A more extensive rehabilitation program may be necessary if the rail is not adequate to accommodate higher capacity grain cars now used on longer, heavier trains. Heavy train weights require changing out older, lighter rail sections and switches with a minimum of 112-pound components. At one time every railroad in the country had its own idea of what weight rail should be. More than 100 different variations of rail sections have been manufactured in the past and can currently be found on industry track. Over time the railroads have standardized to a few sections: 112, 115, 132, 133, and 136-pounds. More recently heavy-haul railroads have begun using 141-pound rail.
Over time every facility with track under 112-pound rail needs to make plans to replace it with a heavier, more standard section of rail. To spread out the capital outlay, we recommend changing out a portion each year and saving old rail for maintenance for the remainder of track until it has all been changed out. It is increasingly difficult to find some of these older sections of rail for maintenance use. As the price of scrap increases, these older sections are being scrapped and no longer kept in inventory.
Track expansion or reconfiguration to add capacity
Many grain facilities find railroads are moving away from using local switch engines to service customers and instead are using actual freight trains. These trains stop and drop off the cars or pick them up for their final destination.
This operating practice has implications for the track structure at grain facilities. In addition to decreasing the service frequency, it means when you do get service your facility must accommodate the unit train capacity dictated by your serving railroad. These practices may change as time goes by with ongoing modifications in car lengths and capacities, locomotive capabilities as well as requirements on the train’s receiving end.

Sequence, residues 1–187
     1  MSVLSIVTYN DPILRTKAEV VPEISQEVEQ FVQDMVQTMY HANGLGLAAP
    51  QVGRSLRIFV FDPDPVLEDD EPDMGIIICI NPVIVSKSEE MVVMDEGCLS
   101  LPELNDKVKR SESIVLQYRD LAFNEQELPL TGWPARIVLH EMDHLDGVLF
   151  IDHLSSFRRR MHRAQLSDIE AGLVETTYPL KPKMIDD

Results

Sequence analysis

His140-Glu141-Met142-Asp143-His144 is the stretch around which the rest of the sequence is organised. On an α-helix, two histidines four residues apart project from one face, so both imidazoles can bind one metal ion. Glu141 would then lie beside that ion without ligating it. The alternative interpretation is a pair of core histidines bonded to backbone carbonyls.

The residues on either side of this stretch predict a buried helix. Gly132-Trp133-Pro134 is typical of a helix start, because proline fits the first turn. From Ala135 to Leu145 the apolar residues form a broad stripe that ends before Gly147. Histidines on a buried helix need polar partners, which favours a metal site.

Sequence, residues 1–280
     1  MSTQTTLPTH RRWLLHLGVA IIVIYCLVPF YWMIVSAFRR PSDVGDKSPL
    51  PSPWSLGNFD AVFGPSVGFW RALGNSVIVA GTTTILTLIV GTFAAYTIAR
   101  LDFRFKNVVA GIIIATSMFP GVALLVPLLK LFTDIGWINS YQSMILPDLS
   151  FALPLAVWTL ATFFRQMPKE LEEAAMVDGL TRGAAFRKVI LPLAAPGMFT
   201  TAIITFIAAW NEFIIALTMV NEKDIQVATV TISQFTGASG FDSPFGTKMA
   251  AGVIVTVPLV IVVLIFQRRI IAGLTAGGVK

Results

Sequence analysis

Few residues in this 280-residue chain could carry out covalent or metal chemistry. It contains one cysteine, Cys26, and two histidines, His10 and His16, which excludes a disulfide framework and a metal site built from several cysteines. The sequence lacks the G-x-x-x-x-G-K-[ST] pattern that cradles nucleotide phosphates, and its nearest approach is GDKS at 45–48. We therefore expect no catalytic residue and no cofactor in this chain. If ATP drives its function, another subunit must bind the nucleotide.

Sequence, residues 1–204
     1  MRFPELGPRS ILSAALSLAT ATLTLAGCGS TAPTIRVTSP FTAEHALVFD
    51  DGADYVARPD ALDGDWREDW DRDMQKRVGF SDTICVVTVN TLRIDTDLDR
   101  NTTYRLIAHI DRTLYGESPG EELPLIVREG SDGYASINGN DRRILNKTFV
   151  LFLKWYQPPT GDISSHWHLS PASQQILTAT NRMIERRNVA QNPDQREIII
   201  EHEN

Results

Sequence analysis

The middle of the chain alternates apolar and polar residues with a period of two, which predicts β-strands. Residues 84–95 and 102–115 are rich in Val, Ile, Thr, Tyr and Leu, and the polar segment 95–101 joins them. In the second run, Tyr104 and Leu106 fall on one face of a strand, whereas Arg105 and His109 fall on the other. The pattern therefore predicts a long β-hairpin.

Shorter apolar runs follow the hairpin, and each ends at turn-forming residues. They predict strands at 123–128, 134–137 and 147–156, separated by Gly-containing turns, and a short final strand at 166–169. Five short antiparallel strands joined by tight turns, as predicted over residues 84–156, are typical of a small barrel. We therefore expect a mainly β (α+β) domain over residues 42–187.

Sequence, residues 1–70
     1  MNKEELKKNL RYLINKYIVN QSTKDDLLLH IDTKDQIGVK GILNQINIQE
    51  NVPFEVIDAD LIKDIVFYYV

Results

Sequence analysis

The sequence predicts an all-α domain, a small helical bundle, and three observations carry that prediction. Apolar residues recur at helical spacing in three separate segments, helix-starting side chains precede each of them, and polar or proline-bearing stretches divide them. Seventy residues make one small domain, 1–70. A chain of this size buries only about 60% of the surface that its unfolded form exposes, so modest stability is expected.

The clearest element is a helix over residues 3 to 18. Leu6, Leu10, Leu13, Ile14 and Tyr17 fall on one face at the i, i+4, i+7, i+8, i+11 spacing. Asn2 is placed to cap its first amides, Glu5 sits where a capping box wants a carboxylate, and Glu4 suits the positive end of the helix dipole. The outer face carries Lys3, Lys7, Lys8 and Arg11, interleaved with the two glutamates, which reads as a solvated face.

Several track expansion alternatives address more demanding requirements from serving railroads and also make operations more fluid and productive, offering greater flexibility to load and store cars. These improvements ultimately help provide growers with better pricing and service and may offer a competitive advantage:
- Extend or add sidings
- Reconfigure a stub track into a run-around track or siding
- Relocate the existing main-line turnouts
A qualified railroad contractor can help you evaluate these options and associated costs based on your operations and the physical dimensions of your facility site.
Track considerations for new facilities
An evaluation of the potential or existing site property, along with the facility’s capacity expectations, will help narrow track configuration alternatives for your new facility. This process should get started as early as possible, generally six months to two years before any dirt work is started. The track contractor will evaluate the site topography, often with the general contractor, a railroad representative and/or an engineering firm, to determine the project feasibility and design implications, such as grading and drainage requirements and access to the serving railroad.
- Ladder track (multiple tracks and turnouts) — These configurations save on width of land but may require substantial footage (length) adjacent to the existing main line.
- Loop, double-loop and teardrop tracks — Serving railroads generally welcome these configurations because they provide for more fluid rail operations. However, the options require a minimum 7,200 feet of track on at least 80 acres of land.
Based on the property and its access to rail services, the track contractor can determine design requirements and develop a cost-effective design and construction proposal. The contractor will then coordinate with the railroad to determine access requirements and develop a track plan that meets the serving railroad’s design requirements and track construction specifications. Once preparatory site grading is completed, the track construction begins. Depending on the project scope, construction can take from weeks to several months.
When it comes to railroad track, it may look similar to your granddad’s or father’s track, but it’s definitely not the same. Times have changed. Those facilities that protect their track investment will realize not only productivity improvements, but also competitive advantages that will positively impact their entire business.